Phony Benoni: It's disappointing that his parents didn't know he would be a chess grandmasters. They could have named him Akiba Reuben Fine.
Oct-17-14  Rascal Nikov: <Dead and forgotten. O! Poor poor Reuben!> Well, Carlsen finds his approach similar to Fine in a recent interview.
Oct-17-14  TheFocus: At least the culinary world didn't forget him. They named a sandwich after him.
Oct-17-14  diceman: <TheFocus: At least the culinary world didn't forget him. They named a sandwich after him.>

...or the IRS.

...don't pay and they'll impose a "Fine."

Oct-17-14  TheFocus: "How was lunch, dear?"

"Well, the salad was okay, but the Reuben was Fine."

Premium Chessgames Member
  cro777: Carlsen has the impression that what he is doing now is similar to what Reuben Fine was doing in chess:

"I have been reading about the match between Fischer and Karpov that didnít happen. I find a bit of myself in both those players.

Another I could compare myself to is actually an American: Reuben Fine, who was very strong but quit chess early on. I was just reading about him the other day and it didnít strike me before but now it strikes me that what he was doing in chess is similar to what I am doing."

Oct-17-14  Petrosianic: Similar in what way?
Premium Chessgames Member
  perfidious: That does seem an odd comparison to make; for Carlsen, even if he were never to play again, has far outstripped Fine by any measure.
Premium Chessgames Member
  MissScarlett: According to Kasparov, this is the take-away fact you need to know about the man:

<Reuben Fine played 25 games with five world champions and had a score of +3; which is amazing. +1 against Botvinnik, +1 against Alekhine, +1 against Lasker (only one game), and even score with Euwe and Capablanca. This is something that makes it more exciting for the audience because there is a fact. Thereís something they can rely on.>

Premium Chessgames Member
  SteinitzLives: Though Fine is easy to poke fun at, (isn't everyone?) had he stayed with chess (yes, yes, speculation is free), he would no doubt have won the U.S. Championship several more times, and maybe brought Reshevsky's rep down a notch or two.

I am pretty sure Fine received consideration for invitation, and may have even been invited to play at the World Ch. tourney at The Hague in 1948, but he had made his decision a couple of years earlier to do the psychoanalyst thing.

Sure, Fine could have been at least a challenger for the World Ch., at some point had he seriously stayed with chess, if not achieving even more, but we will never know.

He was awesome in the 1930's that's for sure.

Middlemarch-like in length and in-digestibility, as Basic Chess Endings was and is, it was a pioneering work that no one else had even tried. I have to give Reuben credit for daring to take on such a daunting task. I kind of think Keres book: Practical Chess Endings was one of the healthier early offspring of Fine's flawed but creditable magnum opus.

I would love to know what kind of conversations he had with Fischer in 1963 when Fischer played Fine in some casual games at Fine's home.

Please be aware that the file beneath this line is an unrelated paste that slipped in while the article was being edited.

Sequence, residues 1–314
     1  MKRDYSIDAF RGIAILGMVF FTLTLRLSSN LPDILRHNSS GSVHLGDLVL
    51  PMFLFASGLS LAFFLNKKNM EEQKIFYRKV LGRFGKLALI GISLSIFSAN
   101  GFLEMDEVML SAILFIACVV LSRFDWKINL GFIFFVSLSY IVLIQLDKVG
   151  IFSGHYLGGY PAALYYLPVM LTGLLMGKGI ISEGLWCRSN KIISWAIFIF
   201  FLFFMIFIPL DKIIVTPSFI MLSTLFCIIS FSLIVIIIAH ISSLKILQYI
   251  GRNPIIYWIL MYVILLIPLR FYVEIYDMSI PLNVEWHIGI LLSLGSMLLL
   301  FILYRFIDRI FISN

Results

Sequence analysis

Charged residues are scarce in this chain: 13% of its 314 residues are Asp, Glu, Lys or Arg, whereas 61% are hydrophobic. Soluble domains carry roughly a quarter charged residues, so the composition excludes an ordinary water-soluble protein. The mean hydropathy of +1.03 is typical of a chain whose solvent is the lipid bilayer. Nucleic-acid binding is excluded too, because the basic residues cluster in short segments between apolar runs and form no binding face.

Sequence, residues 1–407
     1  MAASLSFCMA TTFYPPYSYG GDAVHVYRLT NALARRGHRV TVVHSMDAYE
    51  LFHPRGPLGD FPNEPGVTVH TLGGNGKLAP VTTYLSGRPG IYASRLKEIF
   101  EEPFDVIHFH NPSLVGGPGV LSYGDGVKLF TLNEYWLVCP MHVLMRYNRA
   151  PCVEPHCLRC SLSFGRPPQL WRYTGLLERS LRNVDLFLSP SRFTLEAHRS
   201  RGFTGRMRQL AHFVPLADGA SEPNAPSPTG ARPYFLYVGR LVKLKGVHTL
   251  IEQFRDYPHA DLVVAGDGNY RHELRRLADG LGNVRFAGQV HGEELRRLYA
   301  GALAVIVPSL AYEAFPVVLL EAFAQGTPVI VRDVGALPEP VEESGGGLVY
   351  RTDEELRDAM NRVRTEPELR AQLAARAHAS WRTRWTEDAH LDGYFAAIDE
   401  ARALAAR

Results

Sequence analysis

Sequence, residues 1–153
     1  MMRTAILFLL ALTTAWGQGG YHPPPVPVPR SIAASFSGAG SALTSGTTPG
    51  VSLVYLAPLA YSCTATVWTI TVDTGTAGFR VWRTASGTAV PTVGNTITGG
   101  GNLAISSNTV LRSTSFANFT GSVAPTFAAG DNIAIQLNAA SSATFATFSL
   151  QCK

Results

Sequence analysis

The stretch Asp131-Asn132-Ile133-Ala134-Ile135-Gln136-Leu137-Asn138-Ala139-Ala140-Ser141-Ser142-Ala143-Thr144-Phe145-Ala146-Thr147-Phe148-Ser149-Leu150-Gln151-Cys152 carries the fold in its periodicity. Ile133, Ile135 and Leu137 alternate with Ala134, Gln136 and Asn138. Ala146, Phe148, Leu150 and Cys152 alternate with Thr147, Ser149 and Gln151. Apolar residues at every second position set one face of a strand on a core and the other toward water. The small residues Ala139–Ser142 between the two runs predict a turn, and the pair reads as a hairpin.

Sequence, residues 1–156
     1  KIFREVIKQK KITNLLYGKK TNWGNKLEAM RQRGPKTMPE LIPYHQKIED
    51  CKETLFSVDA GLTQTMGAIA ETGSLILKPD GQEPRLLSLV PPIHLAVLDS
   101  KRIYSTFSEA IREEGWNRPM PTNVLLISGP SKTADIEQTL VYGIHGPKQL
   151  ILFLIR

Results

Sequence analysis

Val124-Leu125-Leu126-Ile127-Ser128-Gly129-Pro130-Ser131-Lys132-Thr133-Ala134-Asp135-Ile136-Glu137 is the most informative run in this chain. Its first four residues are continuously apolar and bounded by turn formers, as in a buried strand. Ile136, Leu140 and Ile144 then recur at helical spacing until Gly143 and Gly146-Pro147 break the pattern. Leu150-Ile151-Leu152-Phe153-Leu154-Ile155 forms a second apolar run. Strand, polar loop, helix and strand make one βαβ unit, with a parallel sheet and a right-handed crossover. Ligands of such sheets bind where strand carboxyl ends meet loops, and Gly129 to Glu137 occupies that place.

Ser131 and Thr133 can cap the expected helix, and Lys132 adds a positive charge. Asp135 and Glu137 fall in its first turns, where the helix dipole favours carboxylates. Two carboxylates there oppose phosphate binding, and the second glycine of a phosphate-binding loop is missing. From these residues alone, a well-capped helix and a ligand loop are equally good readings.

Premium Chessgames Member
  chancho: <SteinitzLives> Fine never won the US championship.

I'll assume you meant the US Open.

He won that title 7 times.

Premium Chessgames Member
  perfidious: Fine was indeed invited to play in The Hague/Moscow, but declined due to his doctoral studies.
Premium Chessgames Member
  perfidious: Or so one version goes, anyway.....
Premium Chessgames Member
  FSR: <perfidious> As you probably know, Fine gave various and conflicting rationales for his decision not to play. For some reason the link isn't displaying right, but if you Google this - Edward Winter Reuben Fine 1948 - it is the first hit. Or go to footnote 7 of
Premium Chessgames Member
  perfidious: <FSR> I had read more than one comment emanating from Fine as to his reason for not participating, but never realised he had come up with quite so many rationalisations, if you will.
Oct-19-14  drnooo: Who can really say how Fine would have fared had he played. Not I, for sure. Not many have a whopping 71 per cent against some of the best players of his era. As Casey Stengal says, "You can look it up."

However, just for fun let's say the match would have been held in New York. A stones throw from his apt. Then what.

My hunch is he would have said yes.
Notice the distance and otherness of
Russia did not matter to Reshevsky.
Probably it was no single factor that
kept him from playing, though what's most interesting for me is that Fine had nothing much to say in 48, just a kind of whimpering dissembling.

At least Reshevsky DID play, to his credit, but hardly to rest the notion that the Russians could cheat their way to the top. He was beaten and Fine certainly would have had his work cut out for him in that kind of stress and strain. The Russians had kind of a take you pick, any one of us can carry on the glory of Motherland, were not under the daily relentless push to beat the others whereas the American interloper had to pound away game after each game with them.

Lurking also was the distinct possibility that were Fine going to start edging ahead then Keres or Smyslov could start throwing the games, which some say was exactly what happened.

In the end that's likely what brought about Fine's run, a tremendous run, when it was only too clear that at least for another decade Russia would hold the reins on the championship by hook or crook. Told himself, I've done all I can, proved that I was ONE of the best if not THE best and this is as far as that road leads.

In the end we'll never really know how good he was. My own bet, in a match with all the mobsters away from the ring, Keres would have taken him, not easily, but taken him nonetheless. Other than Keres, I wouldn't rate anyone else above him.

Premium Chessgames Member
  FSR: Fine was very strong, there's no denying that - although he somehow never won a U.S. Championship. He played in one tournament in 1948, and it was the best result of his life. He won with 8/9, while Euwe could barely muster a plus score.
Oct-19-14  RookFile: Amazing seeing Bisguier's name in that tournament. He is living history.
Premium Chessgames Member
  perfidious: <FSR: Fine was very strong, there's no denying that - although he somehow never won a U.S. Championship.>

True, despite not having to face Reshevsky, his bete noire in those events, in 1944. Arnold Denker defeated him that year in a memorable miniature.

Mar-24-15  TheFocus: <Combinations have always been the most intriguing aspect of Chess. The masters look for them, the public applauds them, the critics praise them. It is because combinations are possible that chess is more than a lifeless mathematical exercise. They are the poetry of the game; they are to chess what melody is to music. They represent the triumph of mind over matter> - Rueben Fine.